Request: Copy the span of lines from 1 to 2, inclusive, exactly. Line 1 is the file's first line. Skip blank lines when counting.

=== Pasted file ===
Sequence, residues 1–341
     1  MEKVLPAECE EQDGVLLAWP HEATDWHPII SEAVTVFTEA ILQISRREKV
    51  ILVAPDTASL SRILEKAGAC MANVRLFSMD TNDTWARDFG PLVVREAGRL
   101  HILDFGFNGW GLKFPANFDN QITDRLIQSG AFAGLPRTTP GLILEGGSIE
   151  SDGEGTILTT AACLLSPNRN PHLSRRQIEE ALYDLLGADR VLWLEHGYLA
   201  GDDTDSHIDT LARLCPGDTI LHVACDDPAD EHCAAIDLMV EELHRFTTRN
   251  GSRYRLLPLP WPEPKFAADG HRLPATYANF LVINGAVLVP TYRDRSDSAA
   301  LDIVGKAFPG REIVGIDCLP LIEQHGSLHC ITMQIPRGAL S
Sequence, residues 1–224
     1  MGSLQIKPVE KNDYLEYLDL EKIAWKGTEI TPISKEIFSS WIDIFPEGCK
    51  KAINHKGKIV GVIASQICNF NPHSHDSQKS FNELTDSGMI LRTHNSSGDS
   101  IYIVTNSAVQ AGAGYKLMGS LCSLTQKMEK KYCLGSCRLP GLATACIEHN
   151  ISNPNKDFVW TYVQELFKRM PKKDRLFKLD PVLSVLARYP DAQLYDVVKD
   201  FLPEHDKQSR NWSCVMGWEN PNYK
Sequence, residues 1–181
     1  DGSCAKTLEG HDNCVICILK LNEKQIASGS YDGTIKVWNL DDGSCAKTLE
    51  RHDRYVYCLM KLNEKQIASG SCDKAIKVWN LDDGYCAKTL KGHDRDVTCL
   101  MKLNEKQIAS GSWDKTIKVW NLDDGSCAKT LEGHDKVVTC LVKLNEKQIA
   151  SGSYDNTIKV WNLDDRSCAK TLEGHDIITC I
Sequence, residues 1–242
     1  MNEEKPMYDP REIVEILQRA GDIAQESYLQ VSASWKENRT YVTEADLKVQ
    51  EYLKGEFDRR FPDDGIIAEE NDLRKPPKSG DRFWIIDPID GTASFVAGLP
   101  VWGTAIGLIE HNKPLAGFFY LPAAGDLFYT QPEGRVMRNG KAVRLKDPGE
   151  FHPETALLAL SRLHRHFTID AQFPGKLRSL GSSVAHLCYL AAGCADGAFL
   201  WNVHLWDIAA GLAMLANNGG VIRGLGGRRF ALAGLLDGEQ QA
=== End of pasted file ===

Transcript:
Sequence, residues 1–341
     1  MEKVLPAECE EQDGVLLAWP HEATDWHPII SEAVTVFTEA ILQISRREKV